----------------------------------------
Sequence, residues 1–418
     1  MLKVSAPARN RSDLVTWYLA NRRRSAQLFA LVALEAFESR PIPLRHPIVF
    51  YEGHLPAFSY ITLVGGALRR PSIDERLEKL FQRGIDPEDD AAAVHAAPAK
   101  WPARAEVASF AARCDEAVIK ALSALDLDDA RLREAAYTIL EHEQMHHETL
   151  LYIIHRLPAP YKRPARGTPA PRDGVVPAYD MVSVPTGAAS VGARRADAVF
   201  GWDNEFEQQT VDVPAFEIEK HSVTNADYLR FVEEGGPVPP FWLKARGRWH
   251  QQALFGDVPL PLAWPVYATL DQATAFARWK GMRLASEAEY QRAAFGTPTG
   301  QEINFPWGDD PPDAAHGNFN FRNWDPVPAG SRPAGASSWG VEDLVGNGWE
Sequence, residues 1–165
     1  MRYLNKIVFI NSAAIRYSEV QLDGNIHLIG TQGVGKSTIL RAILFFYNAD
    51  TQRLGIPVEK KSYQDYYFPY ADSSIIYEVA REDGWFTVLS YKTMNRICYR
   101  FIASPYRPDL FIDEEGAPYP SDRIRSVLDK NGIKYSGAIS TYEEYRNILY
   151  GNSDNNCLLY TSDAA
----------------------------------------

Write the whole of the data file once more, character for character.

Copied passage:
Sequence, residues 1–418
     1  MLKVSAPARN RSDLVTWYLA NRRRSAQLFA LVALEAFESR PIPLRHPIVF
    51  YEGHLPAFSY ITLVGGALRR PSIDERLEKL FQRGIDPEDD AAAVHAAPAK
   101  WPARAEVASF AARCDEAVIK ALSALDLDDA RLREAAYTIL EHEQMHHETL
   151  LYIIHRLPAP YKRPARGTPA PRDGVVPAYD MVSVPTGAAS VGARRADAVF
   201  GWDNEFEQQT VDVPAFEIEK HSVTNADYLR FVEEGGPVPP FWLKARGRWH
   251  QQALFGDVPL PLAWPVYATL DQATAFARWK GMRLASEAEY QRAAFGTPTG
   301  QEINFPWGDD PPDAAHGNFN FRNWDPVPAG SRPAGASSWG VEDLVGNGWE
Sequence, residues 1–165
     1  MRYLNKIVFI NSAAIRYSEV QLDGNIHLIG TQGVGKSTIL RAILFFYNAD
    51  TQRLGIPVEK KSYQDYYFPY ADSSIIYEVA REDGWFTVLS YKTMNRICYR
   101  FIASPYRPDL FIDEEGAPYP SDRIRSVLDK NGIKYSGAIS TYEEYRNILY
   151  GNSDNNCLLY TSDAA